Migrant Caravan and U.S. Public Health: Discerning Fact from Fiction

Manisha Mishra // On February 25, 2019 at 6:32 AM, President Donald Trump tweeted the following message: We have a State of Emergency at our Southern Border…without the Wall…you cannot have Border Security. Drugs, Gangs and Human Trafficking must be stopped. Since the start of his 2016 presidential campaign, Trump remains committed to building his…

The Artist’s Book as Body

Darian Goldin Stahl, Artist-in-Residence // The Artist’s Book as Body: Constructing the meaning of medicine through relational bookmaking practices Introduction For my pedagogical research in the health humanities, I am most interested in how bodily proxies can be employed to sensorially materialize a symptom, unease, or medical experience outside of the body so that it…

MD+PhD: A Reflection on Collaborative Thinking and Writing

Jennifer & April Edwell // When we applied to be contributors for Synapsis, we described ourselves as embodying the health humanities: Jennifer—trained as a humanist, April—trained as a medical scientist. As partners, we have learned to navigate across these two worlds, and we have developed an appreciation for the unique opportunities and challenges that result…

Illness as Muse and the Poet-Physician: Rafael Campo’s Comfort Measures Only

Travis Chi Wing Lau // Rafael Campo. Comfort Measures Only: New & Selected Poems, 1994-2016. Durham: Duke University Press, 2018. “Illness is a problem for the human imagination only insomuch as we might seek dispassionately scientific methods to cure it while we avoid the inevitably destructive pressures it exerts on our fragile psyches.” – Rafael…

Waiting Room Poems

Mia Florin-Sefton //   Title Image: A Dragon Kiss Always Ends in Ashes, by Wangechu Mutu **************************************************************************************************************************************************************************   My mother is a dragon My mother starved herself Breathing fire that breathed With a womb that blooms My mother starved to death In the White Waiting Room With a womb that bloomed Crying pasts over porcelain In…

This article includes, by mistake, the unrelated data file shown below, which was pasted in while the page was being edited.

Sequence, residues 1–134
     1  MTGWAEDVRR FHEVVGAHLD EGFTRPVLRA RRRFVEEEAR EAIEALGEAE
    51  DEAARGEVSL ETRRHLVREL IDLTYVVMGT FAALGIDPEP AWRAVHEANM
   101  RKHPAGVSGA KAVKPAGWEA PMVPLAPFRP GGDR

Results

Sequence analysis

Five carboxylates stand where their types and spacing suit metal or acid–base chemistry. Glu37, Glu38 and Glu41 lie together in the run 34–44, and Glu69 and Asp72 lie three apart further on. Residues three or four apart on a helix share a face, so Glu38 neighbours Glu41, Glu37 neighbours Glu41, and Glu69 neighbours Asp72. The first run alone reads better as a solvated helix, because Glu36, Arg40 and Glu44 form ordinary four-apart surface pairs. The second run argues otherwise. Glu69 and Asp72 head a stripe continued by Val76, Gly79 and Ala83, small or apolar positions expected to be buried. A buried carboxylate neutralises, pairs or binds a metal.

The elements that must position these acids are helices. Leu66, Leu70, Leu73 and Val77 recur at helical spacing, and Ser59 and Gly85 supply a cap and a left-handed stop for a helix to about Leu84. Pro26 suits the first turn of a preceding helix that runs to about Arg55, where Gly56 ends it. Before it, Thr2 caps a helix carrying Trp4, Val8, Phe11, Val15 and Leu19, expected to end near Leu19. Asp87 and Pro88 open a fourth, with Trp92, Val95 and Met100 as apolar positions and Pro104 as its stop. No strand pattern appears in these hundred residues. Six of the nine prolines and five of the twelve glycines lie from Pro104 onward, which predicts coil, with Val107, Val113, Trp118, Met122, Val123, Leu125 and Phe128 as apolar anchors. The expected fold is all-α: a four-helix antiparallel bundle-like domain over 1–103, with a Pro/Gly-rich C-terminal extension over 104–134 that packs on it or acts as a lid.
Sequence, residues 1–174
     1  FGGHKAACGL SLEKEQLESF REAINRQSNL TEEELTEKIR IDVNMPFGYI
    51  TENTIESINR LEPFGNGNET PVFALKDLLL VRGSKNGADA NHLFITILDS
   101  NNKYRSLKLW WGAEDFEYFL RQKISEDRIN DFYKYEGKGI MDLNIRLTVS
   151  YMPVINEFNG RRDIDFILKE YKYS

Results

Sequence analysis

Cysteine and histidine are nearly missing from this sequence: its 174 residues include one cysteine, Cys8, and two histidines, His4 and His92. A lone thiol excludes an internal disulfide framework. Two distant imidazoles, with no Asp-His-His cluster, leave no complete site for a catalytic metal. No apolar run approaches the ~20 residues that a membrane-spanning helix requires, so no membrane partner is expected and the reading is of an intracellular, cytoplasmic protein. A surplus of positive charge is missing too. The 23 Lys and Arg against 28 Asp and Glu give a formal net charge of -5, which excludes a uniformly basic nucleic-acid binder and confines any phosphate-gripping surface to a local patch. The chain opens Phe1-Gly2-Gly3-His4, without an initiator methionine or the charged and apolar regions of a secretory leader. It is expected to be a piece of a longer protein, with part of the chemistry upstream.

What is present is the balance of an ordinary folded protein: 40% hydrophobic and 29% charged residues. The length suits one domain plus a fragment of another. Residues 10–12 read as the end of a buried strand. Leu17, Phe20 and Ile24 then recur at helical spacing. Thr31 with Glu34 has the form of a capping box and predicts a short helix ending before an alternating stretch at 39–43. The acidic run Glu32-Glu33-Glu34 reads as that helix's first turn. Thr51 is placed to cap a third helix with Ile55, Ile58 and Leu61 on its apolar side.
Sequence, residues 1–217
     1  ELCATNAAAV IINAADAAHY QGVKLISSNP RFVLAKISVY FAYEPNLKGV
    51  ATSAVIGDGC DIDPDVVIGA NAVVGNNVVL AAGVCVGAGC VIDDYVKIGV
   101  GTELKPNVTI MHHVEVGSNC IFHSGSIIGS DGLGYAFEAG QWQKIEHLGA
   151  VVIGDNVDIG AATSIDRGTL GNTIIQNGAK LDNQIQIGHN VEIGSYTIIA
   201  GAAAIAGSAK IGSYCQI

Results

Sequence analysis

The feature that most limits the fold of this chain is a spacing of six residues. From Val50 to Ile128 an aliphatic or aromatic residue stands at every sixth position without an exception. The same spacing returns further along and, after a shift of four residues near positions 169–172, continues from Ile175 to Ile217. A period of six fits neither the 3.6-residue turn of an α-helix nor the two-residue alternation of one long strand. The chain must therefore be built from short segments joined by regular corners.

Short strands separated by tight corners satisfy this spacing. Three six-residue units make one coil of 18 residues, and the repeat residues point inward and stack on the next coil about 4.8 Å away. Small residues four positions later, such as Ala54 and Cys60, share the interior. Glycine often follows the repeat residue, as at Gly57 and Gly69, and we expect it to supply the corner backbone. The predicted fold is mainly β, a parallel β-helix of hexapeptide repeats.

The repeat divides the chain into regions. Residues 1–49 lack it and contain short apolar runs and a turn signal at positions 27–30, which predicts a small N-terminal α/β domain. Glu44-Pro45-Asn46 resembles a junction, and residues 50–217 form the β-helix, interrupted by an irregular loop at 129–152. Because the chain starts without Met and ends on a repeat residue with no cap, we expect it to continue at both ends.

Selling Stillbirth, 1569 to Now

Alicia Andrzejewski // In one of my monthly visits to the Folger Shakespeare Library this year, I called up Pierre Boaistuau’s Certaine secrete wonders of nature: containing a descriptio[n] of sundry strange things, seming monstrous in our eyes and iudgement, bicause we are not priuie to the reasons of them (1569). I was looking for…

Life Hacks: How Non-Specialist Journalism Fuelled the MMR Scandal

Emily Wheater // Cases of measles worldwide have quadrupled in the past year. For years we have been waiting to see what the consequences of vaccine scepticism would be. Now that they are apparent, they are as unsurprising as they are alarming. The issues around why people do or do not vaccinate themselves and their…

Recording Women’s Contributions to the History of Victorian Health and Wellness

Jessica Kirwan // I recently interviewed Dr. Lesa Scholl, Editor-in-Chief of the Encyclopedia of Victorian Women Writers, which is soon to be published by Palgrave Macmillan for their Major Reference Works portfolio. Dr. Scholl is Head of Kathleen Lumley College at the University of Adelaide in Australia. Readers of Synapsis will be interested to know…

The Classic, or Institutionalization part II

Roanne Kantor // What happens when different kinds of institutions meet? When I asked that question this winter, the answer focused on the unevenness between various types of things that get theorized very abstractly as “institutions.” Can there be any use in exploring “institutionalization” and “de-institutionalization” in both medical and educational contexts? Within this larger…